Jungles, forests, mangroves, swamps and lagoons are natural carbon storehouses or “sinks” in the Caribbean regions of Mexico. But now studies are being conducted to measure their capacity for absorbing carbon dioxide from the atmosphere.
Mexico lacks an effective system for monitoring genetically modified organisms, even though they have been regulated by law since the middle of last decade, experts say. In the case of maize, this situation has stood in the way of obtaining data that could help block commercial production, they say.
Towns on Mexico’s Caribbean coast are behind schedule on the design and implementation of plans to face the challenges of climate change, in spite of the urgency of measures to reduce vulnerability.
A year after endorsing the principles of the green economy at the Río +20 summit, Latin America is making little progress towards sustainable development models, according to experts.
"They brutally repressed us. The mining company buys off people’s consciences, it divides the community, but we’ll keep fighting it. Some people have had to flee the community,” Rosalinda Dionisio, a Zapoteca indigenous woman in the southern Mexican state of Oaxaca, told IPS, sobbing.
Mexican cities with populations of more than 500,000 face serious obstacles in monitoring air quality and reducing air pollution, but as of July local authorities will be required to do both, and to submit mandatory reports on their efforts to the federal government.
"We can't sow our fields, which they have rented for next to nothing. What good do we get out of it?" Guadalupe Ramírez complained about wind farms operating in the southern Mexican state of Oaxaca.
The Climate Change Fund set up in November in Mexico faces enormous challenges such as the enforcement of anti-corruption standards, which make it unlikely that concrete actions will begin this year, according to civil society organisations.
The last time Enrique Rangel heard his brother Héctor's voice was on the night of Nov. 10, 2009, when he called and said “they’re coming, they already stopped me and asked for money, and I already paid, but they’re coming.”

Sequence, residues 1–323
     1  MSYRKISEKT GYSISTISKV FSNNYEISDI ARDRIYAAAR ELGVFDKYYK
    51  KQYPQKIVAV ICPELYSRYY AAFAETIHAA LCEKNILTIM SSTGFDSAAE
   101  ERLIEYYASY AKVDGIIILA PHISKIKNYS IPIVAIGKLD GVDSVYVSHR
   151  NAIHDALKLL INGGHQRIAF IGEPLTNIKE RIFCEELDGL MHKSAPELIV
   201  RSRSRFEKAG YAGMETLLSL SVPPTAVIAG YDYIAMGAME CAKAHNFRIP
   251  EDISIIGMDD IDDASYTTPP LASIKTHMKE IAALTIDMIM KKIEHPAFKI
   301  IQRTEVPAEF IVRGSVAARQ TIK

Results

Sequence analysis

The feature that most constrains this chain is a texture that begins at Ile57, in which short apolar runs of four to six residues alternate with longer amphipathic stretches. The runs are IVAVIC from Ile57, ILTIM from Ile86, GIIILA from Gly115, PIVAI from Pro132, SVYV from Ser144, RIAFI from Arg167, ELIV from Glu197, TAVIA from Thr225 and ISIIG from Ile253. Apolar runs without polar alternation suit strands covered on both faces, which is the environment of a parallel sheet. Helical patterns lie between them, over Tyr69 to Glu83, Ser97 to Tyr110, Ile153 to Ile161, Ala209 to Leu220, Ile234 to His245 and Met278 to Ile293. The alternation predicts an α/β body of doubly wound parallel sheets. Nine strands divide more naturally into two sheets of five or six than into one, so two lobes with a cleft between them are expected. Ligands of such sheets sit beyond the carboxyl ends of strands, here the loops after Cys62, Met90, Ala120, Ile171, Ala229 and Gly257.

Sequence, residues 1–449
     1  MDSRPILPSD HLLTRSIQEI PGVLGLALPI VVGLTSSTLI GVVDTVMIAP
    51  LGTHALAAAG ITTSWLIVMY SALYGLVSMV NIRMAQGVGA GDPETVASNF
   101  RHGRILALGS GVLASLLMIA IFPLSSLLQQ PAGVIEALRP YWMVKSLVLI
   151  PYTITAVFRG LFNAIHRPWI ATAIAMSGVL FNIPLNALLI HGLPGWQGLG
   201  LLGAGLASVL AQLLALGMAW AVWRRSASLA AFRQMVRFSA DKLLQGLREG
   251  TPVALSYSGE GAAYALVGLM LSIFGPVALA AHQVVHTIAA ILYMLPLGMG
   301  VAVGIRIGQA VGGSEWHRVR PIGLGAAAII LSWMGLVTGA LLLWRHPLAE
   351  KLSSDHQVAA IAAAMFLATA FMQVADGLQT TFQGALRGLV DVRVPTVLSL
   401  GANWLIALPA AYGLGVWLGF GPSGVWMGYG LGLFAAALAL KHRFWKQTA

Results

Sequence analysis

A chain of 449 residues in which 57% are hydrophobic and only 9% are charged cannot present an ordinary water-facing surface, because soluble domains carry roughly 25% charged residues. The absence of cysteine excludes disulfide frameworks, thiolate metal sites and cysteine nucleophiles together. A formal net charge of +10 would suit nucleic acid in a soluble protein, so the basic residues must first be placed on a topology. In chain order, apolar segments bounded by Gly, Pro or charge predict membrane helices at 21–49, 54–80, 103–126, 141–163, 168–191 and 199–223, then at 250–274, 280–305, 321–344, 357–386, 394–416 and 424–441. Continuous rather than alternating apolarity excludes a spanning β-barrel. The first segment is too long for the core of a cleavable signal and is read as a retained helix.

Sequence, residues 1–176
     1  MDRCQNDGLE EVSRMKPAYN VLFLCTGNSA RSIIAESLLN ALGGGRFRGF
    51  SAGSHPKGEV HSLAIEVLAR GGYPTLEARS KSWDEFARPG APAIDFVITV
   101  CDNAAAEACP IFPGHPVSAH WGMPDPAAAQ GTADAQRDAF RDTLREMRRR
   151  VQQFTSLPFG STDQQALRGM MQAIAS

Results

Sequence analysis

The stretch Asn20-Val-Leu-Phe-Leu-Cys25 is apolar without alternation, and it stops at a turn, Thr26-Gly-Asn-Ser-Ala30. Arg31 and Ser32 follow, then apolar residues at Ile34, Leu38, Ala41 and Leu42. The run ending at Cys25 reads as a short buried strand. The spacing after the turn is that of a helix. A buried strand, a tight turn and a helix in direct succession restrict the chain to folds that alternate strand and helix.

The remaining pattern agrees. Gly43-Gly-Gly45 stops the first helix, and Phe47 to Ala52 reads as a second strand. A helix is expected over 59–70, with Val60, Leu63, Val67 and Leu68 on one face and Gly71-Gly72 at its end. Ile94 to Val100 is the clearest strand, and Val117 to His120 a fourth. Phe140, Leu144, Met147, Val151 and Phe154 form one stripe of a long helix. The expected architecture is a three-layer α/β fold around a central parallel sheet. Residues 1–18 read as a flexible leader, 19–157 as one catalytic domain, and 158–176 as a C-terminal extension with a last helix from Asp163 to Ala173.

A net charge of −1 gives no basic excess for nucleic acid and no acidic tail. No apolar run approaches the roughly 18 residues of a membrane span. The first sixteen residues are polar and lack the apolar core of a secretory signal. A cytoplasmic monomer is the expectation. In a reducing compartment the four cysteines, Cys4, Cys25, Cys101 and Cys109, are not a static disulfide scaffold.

Issues related to the ownership of forest carbon and to prior consultation mechanisms threaten to derail plans for the Reduction of Emissions from Deforestation and Degradation of Forests (REDD+) in some countries of Latin America, according to experts.
The Food and Agriculture Organisation's recommendation to consider using edible insects as a food source to combat hunger may have particular repercussions in Colombia and Mexico, two Latin American countries that have a tradition of eating insects and a high degree of biodiversity.
Fed up with oil spills from facilities belonging to Mexico’s state oil company Pemex, residents of two communities in the southeastern state of Tabasco are taking the country’s largest company to court in a bid for compensation for damage to the environment and agriculture.
A group of Mexican citizens are preparing the first civil lawsuit in the Mexican courts against British oil company BP for the 2010 Gulf of Mexico oil spill.
Latin American states are still failing to provide guarantees for women's educational, sexual and reproductive rights, according to activists from different regions of the world meeting in the Mexican capital.
In the 2011 action-thriller "Unknown", scientists are persecuted by the biotech industry because they plan the open release of a drought- and pest-resistant strain of maize that could help eradicate world hunger.